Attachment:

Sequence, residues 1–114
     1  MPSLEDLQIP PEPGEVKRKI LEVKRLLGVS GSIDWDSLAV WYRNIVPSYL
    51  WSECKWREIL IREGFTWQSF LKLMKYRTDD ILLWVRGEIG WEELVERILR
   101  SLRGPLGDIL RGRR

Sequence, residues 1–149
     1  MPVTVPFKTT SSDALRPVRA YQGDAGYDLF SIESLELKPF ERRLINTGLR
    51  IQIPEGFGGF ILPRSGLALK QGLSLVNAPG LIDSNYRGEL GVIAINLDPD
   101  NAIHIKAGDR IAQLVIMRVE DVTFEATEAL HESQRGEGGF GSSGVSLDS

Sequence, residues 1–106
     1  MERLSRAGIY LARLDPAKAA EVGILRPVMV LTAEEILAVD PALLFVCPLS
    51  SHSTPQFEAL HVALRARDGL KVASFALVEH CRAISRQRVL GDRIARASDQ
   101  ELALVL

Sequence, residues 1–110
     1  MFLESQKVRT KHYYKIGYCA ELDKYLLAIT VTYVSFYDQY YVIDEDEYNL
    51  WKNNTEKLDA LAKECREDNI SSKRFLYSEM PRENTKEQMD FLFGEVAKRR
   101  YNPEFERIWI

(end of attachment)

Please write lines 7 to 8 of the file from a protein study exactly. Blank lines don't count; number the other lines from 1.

    51  IQIPEGFGGF ILPRSGLALK QGLSLVNAPG LIDSNYRGEL GVIAINLDPD
   101  NAIHIKAGDR IAQLVIMRVE DVTFEATEAL HESQRGEGGF GSSGVSLDS